Pregnant woman fourth case of Zika virus in Missouri -

Pregnant woman fourth case of Zika virus in Missouri

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Photo Credit: KRCG Photo Credit: KRCG

JEFFERSON CITY, Mo. — The Missouri Department of Health and Senior Services confirmed Friday afternoon a pregnant Missouri woman is the fourth confirmed person to contract the Zika virus in the state. The woman contracted the virus while traveling to Nicaragua -- a known area of Zika transmission.

According to the department, nearly 80% of people infected with the virus experience zero virus-related symptoms. Those symptoms are usually mild and include:

  • Fever
  • Rash
  • Joint soreness
  • Redness of the eyes.

The Missouri State Public Health Laboratory, in Jefferson City, is noq provide testing of Zika virus samples.

"Receiving this designation will improve our responsiveness to Missourians who are in need of answers and the health care providers who are treating them," said Missouri Department of Health and Senior Services Acting Director Peter Lyskowski. "During a response to a public health concern like Zika virus, timely and accurate testing is of the utmost importance, and now our state public health laboratory can help provide that."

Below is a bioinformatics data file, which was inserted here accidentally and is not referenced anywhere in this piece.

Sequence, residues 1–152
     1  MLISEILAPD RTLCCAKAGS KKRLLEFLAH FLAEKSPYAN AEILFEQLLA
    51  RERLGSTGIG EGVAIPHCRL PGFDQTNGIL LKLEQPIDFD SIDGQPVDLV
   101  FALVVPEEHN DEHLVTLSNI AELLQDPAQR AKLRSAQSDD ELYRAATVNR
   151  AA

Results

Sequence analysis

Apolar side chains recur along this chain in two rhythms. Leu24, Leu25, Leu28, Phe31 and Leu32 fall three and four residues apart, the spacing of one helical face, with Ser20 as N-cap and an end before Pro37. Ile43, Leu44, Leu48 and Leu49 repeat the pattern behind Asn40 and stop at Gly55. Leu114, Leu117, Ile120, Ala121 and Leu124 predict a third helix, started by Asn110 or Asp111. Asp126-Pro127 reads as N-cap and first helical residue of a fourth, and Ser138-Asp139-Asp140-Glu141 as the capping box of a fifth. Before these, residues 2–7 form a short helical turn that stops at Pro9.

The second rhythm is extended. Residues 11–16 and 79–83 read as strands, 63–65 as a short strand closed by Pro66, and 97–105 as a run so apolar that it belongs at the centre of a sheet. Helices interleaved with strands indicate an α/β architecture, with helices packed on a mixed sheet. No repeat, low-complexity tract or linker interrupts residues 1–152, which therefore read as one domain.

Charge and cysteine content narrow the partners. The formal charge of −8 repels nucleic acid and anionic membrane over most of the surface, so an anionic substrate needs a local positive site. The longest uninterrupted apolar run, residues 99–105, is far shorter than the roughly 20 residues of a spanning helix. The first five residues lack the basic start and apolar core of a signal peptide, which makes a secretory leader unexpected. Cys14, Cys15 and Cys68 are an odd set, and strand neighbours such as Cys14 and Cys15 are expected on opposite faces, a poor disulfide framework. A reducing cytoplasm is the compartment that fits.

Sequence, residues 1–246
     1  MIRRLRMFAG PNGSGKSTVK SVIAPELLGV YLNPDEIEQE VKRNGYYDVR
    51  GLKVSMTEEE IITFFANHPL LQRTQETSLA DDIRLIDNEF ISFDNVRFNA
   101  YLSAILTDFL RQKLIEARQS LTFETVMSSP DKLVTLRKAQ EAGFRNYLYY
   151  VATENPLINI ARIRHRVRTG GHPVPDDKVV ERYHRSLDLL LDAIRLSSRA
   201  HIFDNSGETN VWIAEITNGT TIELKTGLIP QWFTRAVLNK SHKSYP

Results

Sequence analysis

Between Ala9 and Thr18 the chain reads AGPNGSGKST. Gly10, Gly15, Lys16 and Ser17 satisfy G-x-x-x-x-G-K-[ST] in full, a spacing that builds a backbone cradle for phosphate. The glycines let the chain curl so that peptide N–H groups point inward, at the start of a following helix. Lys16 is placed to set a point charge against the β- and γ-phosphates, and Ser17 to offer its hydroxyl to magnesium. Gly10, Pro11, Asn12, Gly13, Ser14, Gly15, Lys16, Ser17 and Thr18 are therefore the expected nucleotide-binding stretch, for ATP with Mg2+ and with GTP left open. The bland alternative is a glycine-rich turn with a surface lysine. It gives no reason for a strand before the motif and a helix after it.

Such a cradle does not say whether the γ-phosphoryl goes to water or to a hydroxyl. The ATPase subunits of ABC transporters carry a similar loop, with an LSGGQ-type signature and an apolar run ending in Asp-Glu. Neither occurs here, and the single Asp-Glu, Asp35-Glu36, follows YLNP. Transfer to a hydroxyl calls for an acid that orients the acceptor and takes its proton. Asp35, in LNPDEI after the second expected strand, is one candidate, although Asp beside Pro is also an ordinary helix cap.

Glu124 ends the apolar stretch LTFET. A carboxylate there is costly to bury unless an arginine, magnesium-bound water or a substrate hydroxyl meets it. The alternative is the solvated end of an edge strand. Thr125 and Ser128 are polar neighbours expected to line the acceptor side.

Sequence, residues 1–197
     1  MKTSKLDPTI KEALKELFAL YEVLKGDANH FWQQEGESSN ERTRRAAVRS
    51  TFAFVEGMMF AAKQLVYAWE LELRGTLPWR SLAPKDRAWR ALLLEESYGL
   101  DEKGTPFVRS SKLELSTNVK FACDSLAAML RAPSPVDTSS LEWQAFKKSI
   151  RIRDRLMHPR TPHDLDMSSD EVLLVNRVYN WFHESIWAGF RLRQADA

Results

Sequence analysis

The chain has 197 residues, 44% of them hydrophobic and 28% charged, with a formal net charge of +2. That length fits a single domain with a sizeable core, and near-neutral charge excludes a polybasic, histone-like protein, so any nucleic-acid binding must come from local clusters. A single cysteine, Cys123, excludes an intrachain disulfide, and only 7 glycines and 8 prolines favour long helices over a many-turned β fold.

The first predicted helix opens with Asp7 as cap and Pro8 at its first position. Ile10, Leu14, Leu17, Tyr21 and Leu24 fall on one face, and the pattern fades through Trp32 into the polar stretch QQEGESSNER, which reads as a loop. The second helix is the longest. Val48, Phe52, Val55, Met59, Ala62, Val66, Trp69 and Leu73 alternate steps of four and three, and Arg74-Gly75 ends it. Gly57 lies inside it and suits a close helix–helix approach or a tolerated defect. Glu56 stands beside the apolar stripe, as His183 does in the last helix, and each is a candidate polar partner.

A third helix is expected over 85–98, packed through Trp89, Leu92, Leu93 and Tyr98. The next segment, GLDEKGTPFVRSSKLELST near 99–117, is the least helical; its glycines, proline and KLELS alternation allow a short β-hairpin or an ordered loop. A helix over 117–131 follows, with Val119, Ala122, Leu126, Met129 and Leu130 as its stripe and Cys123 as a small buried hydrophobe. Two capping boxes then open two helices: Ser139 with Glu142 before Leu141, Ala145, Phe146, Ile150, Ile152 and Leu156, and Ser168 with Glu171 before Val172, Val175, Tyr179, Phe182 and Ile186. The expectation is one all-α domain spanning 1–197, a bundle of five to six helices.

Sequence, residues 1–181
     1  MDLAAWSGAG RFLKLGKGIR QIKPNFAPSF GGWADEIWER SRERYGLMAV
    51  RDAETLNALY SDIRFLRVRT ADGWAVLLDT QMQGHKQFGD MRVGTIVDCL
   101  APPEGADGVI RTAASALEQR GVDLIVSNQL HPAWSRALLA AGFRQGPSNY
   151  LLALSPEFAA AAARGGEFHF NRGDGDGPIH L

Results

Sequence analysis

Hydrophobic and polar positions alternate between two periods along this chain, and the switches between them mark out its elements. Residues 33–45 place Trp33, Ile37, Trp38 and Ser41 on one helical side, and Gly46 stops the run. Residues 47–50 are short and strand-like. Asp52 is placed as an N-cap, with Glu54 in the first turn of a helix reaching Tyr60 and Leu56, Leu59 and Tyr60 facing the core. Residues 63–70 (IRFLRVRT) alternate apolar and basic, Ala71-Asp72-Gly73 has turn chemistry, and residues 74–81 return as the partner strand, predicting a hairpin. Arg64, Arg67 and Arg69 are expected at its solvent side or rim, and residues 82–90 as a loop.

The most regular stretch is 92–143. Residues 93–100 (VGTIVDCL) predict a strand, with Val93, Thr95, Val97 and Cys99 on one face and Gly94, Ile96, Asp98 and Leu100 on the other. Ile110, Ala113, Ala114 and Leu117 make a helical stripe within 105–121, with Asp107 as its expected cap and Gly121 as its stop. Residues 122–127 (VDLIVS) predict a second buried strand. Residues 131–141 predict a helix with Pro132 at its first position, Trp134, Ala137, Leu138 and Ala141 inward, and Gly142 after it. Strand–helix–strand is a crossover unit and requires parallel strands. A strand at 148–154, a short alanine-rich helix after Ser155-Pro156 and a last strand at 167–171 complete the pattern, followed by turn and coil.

Before submitting a specimen, health care providers must contact DHSS to ensure a patient's travel history and possible symptoms meet requirements for testing. If Missourians are concerned they might have the virus after travelling to a Zika-affected area, they should contact their health care provider.

So far there have been two confirmed cases of Zika virus infection reported in a Missouri residents who travelled to other countries. Nearly 80 percent of people infected with the virus will have no symptoms. Typically, symptoms are mild and include fever, rash, joint soreness and/or redness of eyes.

There is not currently a vaccine for Zika virus. The best prevention measure is to avoid mosquito bites in areas with ongoing transmission. There have been no reported cases of Zika virus contracted from a mosquito bite in Missouri. Ways to avoid mosquito bites while outdoors include wearing EPA-registered insect repellent with DEET, wearing pants and long sleeves, or remaining indoors in an air conditioned environment.

According to the CDC, Zika virus also has the potential to be spread through unprotected sexual contact, through blood transfusion and an infected pregnant woman can pass Zika virus to her fetus during pregnancy.

The CDC is recommending pregnant women avoid traveling to Zika-affected areas which include countries ranging from 

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